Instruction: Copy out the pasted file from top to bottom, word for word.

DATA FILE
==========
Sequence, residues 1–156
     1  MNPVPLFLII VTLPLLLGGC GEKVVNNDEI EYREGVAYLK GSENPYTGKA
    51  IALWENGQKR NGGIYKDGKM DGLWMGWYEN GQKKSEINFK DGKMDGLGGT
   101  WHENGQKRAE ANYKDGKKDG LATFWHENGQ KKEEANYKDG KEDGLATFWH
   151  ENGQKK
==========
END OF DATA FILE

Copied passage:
Sequence, residues 1–156
     1  MNPVPLFLII VTLPLLLGGC GEKVVNNDEI EYREGVAYLK GSENPYTGKA
    51  IALWENGQKR NGGIYKDGKM DGLWMGWYEN GQKKSEINFK DGKMDGLGGT
   101  WHENGQKRAE ANYKDGKKDG LATFWHENGQ KKEEANYKDG KEDGLATFWH
   151  ENGQKK